Fleurs de Mal (Flowers of Evil) (1857)
by Charles Baudelaire (1821-1867) (tr. Richard Howard)
Rexroth recommended this work and poet, for reasons I cannot recall. (I’m not curious enough to check.)
I read about 20 poems, and parts of many more, and found not a single one that appealed to me. It is as if the poet spent his life waiting for a reason to live, without ever building a project worth living for. His poems reflect a superficial concern with superficial aspects of life, perhaps expressed in superior language (I can’t read the French, and found the translation uninspiring).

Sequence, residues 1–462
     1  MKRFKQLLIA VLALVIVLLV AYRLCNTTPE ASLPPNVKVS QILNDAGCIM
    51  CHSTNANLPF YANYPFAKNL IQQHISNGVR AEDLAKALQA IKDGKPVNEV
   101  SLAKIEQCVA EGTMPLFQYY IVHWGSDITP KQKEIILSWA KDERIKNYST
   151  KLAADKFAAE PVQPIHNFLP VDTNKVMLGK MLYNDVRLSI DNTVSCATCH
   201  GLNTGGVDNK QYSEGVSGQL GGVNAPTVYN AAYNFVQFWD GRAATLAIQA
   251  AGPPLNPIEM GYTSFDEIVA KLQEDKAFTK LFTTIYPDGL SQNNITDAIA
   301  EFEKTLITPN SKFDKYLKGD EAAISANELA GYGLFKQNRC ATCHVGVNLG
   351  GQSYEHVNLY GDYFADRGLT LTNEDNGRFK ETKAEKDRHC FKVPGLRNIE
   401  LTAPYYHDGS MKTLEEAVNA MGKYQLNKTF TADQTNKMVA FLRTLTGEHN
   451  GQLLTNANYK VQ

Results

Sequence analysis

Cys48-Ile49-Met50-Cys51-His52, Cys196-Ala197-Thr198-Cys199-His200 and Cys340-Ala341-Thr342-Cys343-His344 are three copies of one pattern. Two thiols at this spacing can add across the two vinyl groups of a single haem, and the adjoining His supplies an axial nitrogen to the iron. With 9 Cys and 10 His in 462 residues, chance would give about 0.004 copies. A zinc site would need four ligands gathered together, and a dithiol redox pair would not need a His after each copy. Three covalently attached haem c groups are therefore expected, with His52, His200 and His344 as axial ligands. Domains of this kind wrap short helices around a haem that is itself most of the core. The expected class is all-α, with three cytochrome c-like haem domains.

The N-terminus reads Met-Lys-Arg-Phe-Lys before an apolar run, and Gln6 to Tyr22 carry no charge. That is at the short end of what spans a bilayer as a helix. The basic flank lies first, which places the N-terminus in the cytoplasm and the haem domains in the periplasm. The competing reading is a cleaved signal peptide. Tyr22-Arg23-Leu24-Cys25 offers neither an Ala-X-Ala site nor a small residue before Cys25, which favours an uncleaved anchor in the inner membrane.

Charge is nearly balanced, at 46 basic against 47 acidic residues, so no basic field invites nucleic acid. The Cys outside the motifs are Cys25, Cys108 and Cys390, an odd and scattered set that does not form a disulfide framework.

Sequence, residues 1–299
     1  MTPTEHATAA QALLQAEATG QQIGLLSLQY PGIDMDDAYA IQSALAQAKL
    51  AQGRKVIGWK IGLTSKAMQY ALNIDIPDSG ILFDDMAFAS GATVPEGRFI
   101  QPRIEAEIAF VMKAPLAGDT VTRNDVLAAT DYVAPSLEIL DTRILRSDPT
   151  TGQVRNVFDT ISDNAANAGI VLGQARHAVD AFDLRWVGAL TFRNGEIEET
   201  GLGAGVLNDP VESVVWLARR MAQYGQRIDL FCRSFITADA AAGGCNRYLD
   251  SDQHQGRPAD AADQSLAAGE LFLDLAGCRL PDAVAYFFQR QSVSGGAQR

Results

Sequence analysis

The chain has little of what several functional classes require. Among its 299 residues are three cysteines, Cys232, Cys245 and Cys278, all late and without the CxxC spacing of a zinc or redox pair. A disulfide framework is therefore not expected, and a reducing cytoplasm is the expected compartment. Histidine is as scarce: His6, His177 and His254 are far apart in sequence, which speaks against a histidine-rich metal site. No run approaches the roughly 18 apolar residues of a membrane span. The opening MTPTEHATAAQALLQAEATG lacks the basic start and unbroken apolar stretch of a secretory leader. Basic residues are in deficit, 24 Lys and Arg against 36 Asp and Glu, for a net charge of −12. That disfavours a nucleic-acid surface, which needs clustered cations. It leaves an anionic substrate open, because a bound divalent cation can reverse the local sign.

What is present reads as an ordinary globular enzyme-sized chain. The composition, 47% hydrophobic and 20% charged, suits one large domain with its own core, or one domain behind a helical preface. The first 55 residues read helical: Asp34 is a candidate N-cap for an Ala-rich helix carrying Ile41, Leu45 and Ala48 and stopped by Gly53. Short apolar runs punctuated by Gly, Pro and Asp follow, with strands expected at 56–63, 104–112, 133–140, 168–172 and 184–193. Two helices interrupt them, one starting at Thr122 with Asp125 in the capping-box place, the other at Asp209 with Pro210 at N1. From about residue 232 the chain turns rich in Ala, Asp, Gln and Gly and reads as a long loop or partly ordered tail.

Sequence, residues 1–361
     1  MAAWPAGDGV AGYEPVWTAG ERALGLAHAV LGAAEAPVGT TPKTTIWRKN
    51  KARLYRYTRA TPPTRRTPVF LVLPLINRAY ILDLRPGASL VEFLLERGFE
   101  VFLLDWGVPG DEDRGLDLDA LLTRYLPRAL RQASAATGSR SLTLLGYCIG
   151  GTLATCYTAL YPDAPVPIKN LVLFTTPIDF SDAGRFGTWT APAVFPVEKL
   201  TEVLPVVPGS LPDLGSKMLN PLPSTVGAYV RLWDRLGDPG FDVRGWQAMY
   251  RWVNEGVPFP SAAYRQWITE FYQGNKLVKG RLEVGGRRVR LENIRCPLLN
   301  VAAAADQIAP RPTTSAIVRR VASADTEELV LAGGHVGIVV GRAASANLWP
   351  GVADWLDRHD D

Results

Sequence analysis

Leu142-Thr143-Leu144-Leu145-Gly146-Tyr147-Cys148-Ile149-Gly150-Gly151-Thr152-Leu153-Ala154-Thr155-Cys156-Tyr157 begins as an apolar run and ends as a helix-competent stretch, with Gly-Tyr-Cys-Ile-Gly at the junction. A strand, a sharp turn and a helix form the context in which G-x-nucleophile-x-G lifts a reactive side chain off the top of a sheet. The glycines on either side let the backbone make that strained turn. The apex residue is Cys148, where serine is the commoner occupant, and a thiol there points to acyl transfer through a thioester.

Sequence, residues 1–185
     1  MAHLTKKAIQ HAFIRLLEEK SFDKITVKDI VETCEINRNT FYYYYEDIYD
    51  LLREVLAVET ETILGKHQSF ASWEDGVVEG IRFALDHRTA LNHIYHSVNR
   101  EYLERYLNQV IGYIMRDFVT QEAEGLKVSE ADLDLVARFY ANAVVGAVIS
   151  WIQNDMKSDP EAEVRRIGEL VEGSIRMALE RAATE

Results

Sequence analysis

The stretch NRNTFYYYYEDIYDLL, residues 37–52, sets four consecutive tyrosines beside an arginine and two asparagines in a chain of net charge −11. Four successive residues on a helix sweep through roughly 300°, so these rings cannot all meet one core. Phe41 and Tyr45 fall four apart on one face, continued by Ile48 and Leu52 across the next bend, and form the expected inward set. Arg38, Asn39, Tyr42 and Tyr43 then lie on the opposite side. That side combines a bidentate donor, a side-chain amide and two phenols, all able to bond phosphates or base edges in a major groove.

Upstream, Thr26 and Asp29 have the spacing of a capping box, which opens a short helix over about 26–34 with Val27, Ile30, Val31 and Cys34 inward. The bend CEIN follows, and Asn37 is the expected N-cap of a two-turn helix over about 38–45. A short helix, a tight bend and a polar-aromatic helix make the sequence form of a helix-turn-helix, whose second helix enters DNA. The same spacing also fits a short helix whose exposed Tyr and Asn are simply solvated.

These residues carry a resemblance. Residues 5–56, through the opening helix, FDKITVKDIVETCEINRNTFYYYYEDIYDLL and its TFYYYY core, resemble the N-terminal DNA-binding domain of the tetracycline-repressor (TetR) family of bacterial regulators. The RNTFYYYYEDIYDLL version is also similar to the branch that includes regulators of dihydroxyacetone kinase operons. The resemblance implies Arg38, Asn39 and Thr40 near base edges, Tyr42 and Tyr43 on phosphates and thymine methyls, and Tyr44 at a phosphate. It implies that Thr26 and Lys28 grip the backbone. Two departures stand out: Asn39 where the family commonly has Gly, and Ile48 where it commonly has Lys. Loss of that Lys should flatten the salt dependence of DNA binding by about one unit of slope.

I read the final poem in the book, in which Baudelaire instructs the unappreciative reader to go to Hell. I didn’t appreciate it any more than the others.